of froin 75 to 100 tons. It is supplied Nassau hall, the principal edifice, was by a feeder from the Delaware, twentybuilt in 1757, and was thus named in three miles long; including which, the honor of King William III., on request cost was $2,500,000. An old bridge, of Governor Belcher, who had presented now useless, was built across the Rarihis valuable library, of 474 volumes, to tan at New Brunswick, in 1811, at an the institution, and after whom the trus- expense of $86,687. There is another tees proposed to call it. The building for the railroad. was one hundred and seventy-six feet Rutgers College stands on the high long, fifty wide, and four stories high. ground in the northwestern quarter of The governor's library suffered much the town. It was founded in 1770, with from the British and American soldiers, the name of Queen's college; but being who in turn occupied the building; and unendowed, it did not go into operation almost all the remaining volumes were until 1781. In 1810, it was connected destroyed by fire, which, March 6, 1802, with the general synod of the reformed burnt all the edifice except the walls, Dutch church, and, in 1825, the building which still remain.

was purchased by the synod, and the ELIZABETHTOWN, on a small stream present name was given to the instituwhich flows into Staten island sound, four tion, in honor of Colonel Rutgers, of miles from Newark, was named after New York, a liberal benefactor; since Lady Elizabeth, wife and executrix of which time it has flourished.

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Newark, the most populous town in | able for manufacturing by water-power. the state, is situated on a fine, level tract The stream makes a perpendicular deof ground, on the west side of Passaic scent of seventy feet over a precipice, river, nine miles west from New York, in a sheet of foam, which is partly conand forty-nine northeast from Trenton. cealed by a projecting rock.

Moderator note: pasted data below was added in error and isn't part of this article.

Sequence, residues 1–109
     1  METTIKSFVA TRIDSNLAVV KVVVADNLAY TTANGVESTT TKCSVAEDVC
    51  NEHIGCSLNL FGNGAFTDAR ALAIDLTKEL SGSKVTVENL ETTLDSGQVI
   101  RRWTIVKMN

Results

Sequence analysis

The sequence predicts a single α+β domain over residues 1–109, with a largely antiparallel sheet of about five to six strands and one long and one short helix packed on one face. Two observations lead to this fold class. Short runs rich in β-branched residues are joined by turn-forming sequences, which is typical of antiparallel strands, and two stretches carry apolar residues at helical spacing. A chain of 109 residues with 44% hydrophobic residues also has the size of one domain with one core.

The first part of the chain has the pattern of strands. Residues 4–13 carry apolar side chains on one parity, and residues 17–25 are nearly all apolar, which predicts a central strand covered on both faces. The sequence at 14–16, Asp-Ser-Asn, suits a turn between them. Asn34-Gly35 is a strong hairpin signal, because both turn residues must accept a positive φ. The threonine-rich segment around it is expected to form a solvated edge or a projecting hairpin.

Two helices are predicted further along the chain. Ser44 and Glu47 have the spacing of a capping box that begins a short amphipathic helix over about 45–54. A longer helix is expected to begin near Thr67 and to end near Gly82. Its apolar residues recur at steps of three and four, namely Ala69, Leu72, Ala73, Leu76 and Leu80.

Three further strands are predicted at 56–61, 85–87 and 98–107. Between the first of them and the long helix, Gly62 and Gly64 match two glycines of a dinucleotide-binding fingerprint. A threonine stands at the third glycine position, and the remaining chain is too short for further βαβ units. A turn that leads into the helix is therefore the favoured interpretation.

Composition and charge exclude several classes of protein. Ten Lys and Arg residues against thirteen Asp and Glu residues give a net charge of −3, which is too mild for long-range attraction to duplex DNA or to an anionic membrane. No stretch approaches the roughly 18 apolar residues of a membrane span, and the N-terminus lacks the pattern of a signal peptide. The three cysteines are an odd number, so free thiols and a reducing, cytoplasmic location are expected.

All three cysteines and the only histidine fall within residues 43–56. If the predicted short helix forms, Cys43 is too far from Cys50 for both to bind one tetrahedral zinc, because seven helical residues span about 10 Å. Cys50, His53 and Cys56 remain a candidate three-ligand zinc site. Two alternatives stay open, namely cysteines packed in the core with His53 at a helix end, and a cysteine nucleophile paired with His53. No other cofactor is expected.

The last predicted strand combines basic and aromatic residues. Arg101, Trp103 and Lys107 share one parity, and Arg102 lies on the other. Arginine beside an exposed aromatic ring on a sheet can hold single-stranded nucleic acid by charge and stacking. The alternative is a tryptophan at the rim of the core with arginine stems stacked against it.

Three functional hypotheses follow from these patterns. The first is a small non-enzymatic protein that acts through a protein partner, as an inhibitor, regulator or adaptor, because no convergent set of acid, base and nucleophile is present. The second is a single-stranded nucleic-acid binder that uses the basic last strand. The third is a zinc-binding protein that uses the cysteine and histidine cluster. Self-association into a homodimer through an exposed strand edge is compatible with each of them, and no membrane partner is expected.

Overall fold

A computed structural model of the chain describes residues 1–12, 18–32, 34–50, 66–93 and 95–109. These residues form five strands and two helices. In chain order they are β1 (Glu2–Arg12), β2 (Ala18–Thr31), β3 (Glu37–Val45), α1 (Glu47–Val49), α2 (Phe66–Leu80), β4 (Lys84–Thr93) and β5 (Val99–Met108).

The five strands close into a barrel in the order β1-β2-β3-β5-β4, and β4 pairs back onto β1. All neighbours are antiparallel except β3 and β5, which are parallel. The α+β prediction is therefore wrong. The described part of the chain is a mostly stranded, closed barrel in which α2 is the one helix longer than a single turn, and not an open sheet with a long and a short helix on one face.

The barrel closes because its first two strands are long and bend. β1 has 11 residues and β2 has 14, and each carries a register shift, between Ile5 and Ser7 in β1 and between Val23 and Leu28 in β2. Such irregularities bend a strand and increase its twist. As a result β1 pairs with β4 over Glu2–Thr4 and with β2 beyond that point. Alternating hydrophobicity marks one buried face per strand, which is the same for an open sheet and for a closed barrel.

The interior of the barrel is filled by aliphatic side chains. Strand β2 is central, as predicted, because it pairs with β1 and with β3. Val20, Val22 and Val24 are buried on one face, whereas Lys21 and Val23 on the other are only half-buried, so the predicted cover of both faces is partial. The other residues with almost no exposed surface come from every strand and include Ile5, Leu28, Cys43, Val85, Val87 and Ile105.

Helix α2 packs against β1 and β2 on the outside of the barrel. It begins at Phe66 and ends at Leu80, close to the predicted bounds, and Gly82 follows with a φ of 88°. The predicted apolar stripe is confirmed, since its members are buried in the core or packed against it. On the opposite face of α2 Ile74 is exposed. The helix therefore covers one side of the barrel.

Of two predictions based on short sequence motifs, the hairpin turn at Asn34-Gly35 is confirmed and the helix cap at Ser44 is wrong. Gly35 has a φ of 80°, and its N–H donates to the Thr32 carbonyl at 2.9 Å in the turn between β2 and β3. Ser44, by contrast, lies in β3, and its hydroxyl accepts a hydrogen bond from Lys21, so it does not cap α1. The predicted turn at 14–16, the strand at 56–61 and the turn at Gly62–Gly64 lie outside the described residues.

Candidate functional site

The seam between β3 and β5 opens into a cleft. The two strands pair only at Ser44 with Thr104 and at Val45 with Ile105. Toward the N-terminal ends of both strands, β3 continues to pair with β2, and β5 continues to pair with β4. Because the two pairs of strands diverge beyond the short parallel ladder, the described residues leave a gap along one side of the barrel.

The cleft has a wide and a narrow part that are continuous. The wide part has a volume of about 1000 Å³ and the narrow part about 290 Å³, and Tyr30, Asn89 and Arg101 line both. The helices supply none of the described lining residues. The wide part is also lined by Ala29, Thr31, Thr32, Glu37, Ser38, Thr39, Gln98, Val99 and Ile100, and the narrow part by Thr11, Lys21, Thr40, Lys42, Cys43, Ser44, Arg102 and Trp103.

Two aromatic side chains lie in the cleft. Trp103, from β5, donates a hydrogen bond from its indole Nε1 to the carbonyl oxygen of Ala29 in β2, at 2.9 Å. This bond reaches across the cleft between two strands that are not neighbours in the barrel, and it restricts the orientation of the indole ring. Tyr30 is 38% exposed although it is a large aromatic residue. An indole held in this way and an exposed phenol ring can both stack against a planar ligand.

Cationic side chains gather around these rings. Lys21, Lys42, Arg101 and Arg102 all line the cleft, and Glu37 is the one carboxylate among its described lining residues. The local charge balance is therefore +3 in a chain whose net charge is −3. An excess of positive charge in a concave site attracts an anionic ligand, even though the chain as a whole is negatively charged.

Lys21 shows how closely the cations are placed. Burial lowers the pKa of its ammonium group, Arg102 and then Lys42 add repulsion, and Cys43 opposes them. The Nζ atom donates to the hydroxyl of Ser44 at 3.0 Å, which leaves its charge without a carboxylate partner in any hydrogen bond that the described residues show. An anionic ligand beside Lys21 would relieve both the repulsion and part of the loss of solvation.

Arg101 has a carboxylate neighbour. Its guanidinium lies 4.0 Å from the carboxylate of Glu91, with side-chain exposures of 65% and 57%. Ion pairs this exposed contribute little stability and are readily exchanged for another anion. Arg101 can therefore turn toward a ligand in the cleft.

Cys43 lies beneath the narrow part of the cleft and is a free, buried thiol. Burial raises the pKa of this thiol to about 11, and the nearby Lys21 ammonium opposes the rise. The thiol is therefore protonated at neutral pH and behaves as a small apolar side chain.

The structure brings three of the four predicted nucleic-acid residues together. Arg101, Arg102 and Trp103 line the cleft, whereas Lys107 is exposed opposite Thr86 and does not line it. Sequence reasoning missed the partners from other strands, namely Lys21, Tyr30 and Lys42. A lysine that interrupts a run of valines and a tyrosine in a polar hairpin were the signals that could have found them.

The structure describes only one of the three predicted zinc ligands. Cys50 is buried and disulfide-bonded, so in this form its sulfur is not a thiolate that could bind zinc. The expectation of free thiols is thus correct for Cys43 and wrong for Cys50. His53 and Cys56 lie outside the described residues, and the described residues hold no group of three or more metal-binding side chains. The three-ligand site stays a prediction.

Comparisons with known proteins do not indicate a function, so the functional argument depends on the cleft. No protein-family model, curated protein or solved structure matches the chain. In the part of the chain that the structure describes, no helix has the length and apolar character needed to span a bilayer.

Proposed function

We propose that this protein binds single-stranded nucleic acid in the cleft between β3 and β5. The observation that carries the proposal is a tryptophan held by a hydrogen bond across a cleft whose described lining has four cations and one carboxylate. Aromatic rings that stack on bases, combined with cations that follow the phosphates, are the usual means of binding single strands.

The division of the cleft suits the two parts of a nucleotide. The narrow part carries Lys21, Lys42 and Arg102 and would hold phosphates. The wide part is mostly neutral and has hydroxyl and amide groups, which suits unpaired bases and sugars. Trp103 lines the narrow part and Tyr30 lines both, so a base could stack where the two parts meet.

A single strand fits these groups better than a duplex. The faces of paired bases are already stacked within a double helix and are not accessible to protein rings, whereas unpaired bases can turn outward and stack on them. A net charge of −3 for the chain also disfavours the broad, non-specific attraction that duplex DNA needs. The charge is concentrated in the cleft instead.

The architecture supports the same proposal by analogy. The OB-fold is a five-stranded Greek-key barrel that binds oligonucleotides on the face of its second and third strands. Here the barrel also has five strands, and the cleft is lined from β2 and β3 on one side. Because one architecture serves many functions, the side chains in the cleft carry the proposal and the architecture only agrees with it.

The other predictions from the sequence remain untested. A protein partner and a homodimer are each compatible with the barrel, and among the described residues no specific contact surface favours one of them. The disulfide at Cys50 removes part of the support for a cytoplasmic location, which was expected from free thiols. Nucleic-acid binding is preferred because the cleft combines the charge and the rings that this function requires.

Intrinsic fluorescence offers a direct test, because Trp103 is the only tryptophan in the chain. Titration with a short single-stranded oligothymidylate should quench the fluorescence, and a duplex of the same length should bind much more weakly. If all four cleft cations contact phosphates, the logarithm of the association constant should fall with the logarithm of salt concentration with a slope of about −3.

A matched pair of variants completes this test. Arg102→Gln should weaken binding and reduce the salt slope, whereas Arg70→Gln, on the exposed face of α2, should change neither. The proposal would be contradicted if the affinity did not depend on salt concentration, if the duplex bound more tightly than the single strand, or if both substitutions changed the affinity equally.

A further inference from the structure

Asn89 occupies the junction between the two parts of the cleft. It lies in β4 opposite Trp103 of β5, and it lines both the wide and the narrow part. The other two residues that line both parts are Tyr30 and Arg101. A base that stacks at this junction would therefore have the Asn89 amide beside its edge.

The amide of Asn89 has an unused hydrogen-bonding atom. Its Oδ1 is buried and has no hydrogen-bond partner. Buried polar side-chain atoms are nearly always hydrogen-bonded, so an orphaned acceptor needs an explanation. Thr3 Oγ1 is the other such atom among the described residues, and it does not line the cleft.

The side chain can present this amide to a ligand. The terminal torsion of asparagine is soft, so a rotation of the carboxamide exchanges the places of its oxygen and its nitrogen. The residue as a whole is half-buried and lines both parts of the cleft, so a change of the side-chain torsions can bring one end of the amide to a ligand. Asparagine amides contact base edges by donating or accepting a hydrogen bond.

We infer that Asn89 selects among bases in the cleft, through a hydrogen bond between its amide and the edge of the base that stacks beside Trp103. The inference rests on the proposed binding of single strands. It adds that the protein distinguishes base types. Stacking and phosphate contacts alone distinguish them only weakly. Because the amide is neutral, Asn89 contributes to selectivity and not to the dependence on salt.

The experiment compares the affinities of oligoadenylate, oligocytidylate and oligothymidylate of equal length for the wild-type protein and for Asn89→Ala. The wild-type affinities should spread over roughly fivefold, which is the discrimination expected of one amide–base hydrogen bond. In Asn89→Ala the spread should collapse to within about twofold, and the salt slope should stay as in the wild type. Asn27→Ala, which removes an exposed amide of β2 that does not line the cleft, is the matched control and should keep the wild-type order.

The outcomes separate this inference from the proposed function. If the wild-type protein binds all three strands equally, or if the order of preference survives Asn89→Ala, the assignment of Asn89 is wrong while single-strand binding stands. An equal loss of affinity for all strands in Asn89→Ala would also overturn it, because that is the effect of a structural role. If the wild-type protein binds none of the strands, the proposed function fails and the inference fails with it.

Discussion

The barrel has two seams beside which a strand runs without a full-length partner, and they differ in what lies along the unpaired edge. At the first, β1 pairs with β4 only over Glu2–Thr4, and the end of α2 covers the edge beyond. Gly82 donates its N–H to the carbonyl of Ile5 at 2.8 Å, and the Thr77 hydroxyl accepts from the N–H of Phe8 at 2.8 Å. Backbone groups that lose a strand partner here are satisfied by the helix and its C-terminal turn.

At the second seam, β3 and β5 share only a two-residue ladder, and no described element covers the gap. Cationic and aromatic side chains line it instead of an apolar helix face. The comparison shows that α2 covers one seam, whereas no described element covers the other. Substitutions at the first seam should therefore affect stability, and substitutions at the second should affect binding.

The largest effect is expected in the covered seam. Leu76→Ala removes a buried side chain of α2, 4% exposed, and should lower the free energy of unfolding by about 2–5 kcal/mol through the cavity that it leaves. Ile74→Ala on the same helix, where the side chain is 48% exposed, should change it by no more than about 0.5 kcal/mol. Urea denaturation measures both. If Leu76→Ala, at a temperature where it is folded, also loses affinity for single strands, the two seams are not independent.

A deep Vessels of one hundred tons come up to sluice, cut through the hard bank, draws the wharves; the New Jersey railroad off the water for the numerous manufacpasses through the town, on the way from tories below, so that the river is left alNew York to Philadelphia; and here is most dry in the summer-season. the commencement of the Morris and The town contains two banks, a phiEssex railroad. The Morris canal pass- losophical society, with a library, an es through the place, which opens a chan- acaderny, fourteen churches, and twenty nel of transportation between New York two thousand inhabitants. It was choand the Delaware river.

sen for the site of a great cotton manuThe principal streets are wide, well facturing place by Alexander Hamilton. built, and shaded with trees. Two large who, with his associates, were incorporasquares, in the middle of the town, add ted, in 1791, with a capital of a million much to its beauty. It contains three of dollars. The early period at which banks, a courthouse, twenty-five church- their design was formed testifies to their es, an apprentices' and a circulating li- intelligence and foresight, as the invenbrary, a mechanics' association, and, in tions of Arkwright were almost un1850, 38,885 inhabitants. The coast- known in the United States. A board ing-trade is considerable, and a whaling of directors was appointed, consisting and sealing company was incorporated of William Duer, John Dewhurst, Benin 1833. Manufactures of several kinds jamin Walker, Nicholas Low, Royal are carried on to a great extent, espe- Flint, Elisha Boudinot, John Bayard, cially in leather, carriages, &c.